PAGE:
Discovery of genetic mutation in Leigh syndrome

Aug 11, 2009

Researchers at the Montreal Neurological Institute and Hospital (The Neuro), McGill University have discovered a genetic mutation underlying late-onset Leigh syndrome, a rare inherited metabolic disorder characterized by the degeneration of the central nervous system. The study published in Nature Genetics, provides vital insights into the cell biology of this neurological disorder and will lead to the development of diagnostic and predictive tests allowing for family and genetic counseling.

Leigh syndrome usually begins in early childhood and is caused by which result in mitochondrial dysfunction. Mitochondria are compartments in the cell which have their own DNA and function to supply energy to the body. Damage and dysfunction to mitochondrial DNA is a factor in more than 40 types of metabolic diseases and disorders, including Leigh syndrome.

The first signs of the disorder are often poor sucking ability, loss of head control, and loss of acquired motor skills or movement. As the disorder progresses, symptoms may also include generalized weakness, lack of muscle tone, episodes of lactic acidosis (the body becomes more acidic than normal) and breathing problems. Death usually occurs within a few years. In rare cases, "late onset" Leigh syndrome begins during adolescence or early adulthood and progresses more slowly than the classical form. Currently, there is no cure and treatment is limited and not very effective.

"Defects in the protein production machinery, or translation, are among the most common causes of mitochondrial disease," says Dr. Eric Shoubridge, neuroscientist at The Neuro and lead investigator in the study, "and the mechanisms that regulate translation have until now remained largely unknown."

"Using molecular biological techniques and DNA analysis, we were able to pin point a mutation in the TACO1 gene which encodes a translational activator important for the proper production of a protein called COX1. This study is also the first to identify a protein of this nature in humans.COX1 is a critical component of one of the enzymes in the energy production pathway in cells, and disruptions in COX1 production, lead to loss of enzyme activity and the symptoms in Leigh Syndrome."

Researchers in Dr. Shoubridge's lab at The Neuro were the first to discover the gene implicated in the most common form of Leigh syndrome and are now studying various forms of the disease. This includes the French-Canadian form common in the Saguenay-Lac St-Jean region of Quebec which is associated with a different genetic mutation, but the same biochemical defect, and similar presentation to the form investigated in this study. Neuro researchers are also collaborating on Le Grand Defi led by Pierre Lavoie, an initiative to raise awareness and funds for research into the disease.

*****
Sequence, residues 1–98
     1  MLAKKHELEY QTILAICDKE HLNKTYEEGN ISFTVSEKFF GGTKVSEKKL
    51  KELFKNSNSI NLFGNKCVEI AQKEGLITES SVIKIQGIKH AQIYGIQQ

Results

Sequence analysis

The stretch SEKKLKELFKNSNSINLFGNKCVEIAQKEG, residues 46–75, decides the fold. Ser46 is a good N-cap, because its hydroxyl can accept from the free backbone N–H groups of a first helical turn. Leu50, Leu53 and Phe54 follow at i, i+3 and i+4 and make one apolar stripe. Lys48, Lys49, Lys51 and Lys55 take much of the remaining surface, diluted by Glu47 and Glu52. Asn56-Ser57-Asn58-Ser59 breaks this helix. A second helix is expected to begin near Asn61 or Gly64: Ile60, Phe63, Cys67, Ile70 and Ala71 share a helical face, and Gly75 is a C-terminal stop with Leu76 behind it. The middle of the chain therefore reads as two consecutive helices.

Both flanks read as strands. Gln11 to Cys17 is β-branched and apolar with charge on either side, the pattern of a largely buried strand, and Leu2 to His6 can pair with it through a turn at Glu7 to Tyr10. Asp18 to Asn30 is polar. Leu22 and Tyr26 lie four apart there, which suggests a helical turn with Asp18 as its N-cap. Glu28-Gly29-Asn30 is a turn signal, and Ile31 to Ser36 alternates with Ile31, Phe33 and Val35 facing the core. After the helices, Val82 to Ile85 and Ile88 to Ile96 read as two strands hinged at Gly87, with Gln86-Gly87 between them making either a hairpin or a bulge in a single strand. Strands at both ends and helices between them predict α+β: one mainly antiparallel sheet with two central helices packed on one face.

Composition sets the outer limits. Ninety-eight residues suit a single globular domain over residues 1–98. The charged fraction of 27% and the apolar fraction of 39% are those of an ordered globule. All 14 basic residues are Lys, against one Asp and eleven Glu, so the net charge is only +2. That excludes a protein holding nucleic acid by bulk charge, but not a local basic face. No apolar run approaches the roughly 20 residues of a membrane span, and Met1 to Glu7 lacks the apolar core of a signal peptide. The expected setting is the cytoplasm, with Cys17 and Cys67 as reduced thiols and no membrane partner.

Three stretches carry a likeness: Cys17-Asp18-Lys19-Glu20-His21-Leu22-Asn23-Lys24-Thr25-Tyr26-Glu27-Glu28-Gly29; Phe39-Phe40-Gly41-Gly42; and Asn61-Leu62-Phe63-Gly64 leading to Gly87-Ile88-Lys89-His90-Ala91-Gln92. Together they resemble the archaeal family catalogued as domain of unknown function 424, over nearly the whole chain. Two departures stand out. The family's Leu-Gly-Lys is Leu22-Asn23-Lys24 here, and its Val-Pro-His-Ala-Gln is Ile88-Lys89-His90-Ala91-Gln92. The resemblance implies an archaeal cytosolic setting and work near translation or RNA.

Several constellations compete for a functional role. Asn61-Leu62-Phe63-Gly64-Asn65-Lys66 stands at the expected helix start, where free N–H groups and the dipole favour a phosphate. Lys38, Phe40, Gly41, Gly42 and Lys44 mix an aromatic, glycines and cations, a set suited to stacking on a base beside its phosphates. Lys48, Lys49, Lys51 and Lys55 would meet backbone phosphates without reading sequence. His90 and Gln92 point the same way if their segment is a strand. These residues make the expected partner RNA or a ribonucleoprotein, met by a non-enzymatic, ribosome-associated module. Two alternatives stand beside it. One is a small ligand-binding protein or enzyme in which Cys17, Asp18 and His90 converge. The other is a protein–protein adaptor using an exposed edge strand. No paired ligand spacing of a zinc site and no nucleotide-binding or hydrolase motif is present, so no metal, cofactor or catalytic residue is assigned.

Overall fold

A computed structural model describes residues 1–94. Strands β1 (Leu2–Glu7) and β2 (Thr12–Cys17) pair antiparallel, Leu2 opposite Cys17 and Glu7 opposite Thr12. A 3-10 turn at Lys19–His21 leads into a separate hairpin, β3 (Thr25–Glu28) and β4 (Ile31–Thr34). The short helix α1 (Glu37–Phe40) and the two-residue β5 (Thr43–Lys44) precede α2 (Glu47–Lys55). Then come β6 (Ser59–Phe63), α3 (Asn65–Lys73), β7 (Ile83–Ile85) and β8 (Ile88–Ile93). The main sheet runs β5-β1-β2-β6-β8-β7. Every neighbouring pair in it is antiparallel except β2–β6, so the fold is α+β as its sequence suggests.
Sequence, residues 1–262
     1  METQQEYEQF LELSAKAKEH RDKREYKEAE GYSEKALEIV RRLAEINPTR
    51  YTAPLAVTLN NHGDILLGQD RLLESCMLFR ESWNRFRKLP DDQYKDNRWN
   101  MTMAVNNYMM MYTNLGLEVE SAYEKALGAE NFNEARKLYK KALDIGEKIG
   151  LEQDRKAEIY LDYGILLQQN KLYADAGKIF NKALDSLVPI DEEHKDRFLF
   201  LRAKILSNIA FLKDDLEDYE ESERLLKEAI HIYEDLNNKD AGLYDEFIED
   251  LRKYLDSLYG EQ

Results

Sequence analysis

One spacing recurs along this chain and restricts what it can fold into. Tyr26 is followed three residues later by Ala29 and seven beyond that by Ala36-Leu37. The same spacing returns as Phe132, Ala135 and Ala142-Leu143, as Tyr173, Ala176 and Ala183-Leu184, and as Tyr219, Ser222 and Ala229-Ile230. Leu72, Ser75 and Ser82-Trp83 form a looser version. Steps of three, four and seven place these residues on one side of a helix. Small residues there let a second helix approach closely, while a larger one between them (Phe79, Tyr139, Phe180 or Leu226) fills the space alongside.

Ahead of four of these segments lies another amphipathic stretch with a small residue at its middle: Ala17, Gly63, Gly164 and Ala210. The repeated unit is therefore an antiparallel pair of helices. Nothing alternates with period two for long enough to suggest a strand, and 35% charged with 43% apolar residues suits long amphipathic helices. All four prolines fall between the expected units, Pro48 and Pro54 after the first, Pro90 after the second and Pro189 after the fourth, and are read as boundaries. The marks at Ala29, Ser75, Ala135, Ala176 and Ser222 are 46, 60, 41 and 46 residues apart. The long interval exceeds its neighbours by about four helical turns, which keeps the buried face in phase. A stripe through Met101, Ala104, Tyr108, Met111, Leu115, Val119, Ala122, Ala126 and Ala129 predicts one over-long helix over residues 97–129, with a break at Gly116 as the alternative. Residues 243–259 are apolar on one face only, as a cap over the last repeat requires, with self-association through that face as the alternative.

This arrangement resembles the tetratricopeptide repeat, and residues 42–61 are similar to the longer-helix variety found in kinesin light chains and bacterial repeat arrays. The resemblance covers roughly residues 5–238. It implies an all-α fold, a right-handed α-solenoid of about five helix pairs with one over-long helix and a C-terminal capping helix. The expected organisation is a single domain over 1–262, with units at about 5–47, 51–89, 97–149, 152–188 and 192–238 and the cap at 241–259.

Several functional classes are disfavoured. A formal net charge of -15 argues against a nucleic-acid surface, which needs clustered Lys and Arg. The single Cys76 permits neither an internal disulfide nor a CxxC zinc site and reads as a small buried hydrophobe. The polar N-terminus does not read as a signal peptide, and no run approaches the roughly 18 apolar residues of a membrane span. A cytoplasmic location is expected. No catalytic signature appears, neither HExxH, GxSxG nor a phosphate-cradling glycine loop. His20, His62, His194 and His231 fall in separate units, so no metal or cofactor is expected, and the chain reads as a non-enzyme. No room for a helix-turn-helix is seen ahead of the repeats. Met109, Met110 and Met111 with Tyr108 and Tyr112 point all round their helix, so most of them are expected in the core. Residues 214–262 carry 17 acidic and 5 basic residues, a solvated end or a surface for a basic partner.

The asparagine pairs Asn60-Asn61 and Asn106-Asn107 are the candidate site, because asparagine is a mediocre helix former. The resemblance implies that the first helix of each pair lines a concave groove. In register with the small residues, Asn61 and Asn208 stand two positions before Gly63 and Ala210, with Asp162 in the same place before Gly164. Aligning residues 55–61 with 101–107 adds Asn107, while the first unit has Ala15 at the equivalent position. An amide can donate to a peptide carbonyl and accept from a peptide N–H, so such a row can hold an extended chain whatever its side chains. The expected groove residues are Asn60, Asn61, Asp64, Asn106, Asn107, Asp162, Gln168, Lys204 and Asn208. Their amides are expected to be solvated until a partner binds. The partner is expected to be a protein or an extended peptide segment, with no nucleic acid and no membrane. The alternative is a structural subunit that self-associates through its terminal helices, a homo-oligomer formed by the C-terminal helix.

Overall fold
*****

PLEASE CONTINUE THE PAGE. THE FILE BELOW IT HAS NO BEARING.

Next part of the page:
Source: McGill University (news : web)

Explore further: A link between DNA transcription and disease-causing expansions

add to favorites email to friend print save as pdf

Related Stories

Discovery of a debilitating genetic syndrome

Dec 05, 2008

Canadian researchers announce the discovery of MEDNIK Syndrome, a debilitating genetic syndrome. In a study published today in the online version of PLoS Genetics, and in the December edition, a research team led by Dr. Patrick ...

Metabolic disorder underlies Huntington's disease

Oct 19, 2006

A metabolic disorder underlies the brain effects found in those with Huntington's disease, researchers report in an advance article publishing online October 19, 2006. The article will appear in the November 2006 issue of ...

Recommended for you

Science of romantic relationships includes gene factor

Nov 23, 2014

(Medical Xpress)—Adolescents worry about passing tests, winning games, lost phones, fractured bones—and whether or not they will ever really fall in love. Three Chinese researchers have focused on that ...

Stress reaction may be in your dad's DNA, study finds

Nov 21, 2014

Stress in this generation could mean resilience in the next, a new study suggests. Male mice subjected to unpredictable stressors produced offspring that showed more flexible coping strategies when under ...

User comments : 0

Please sign in to add a comment. Registration is free, and takes less than a minute. Read more

Click here to reset your password.
Sign in to get notified via email when new comments are made.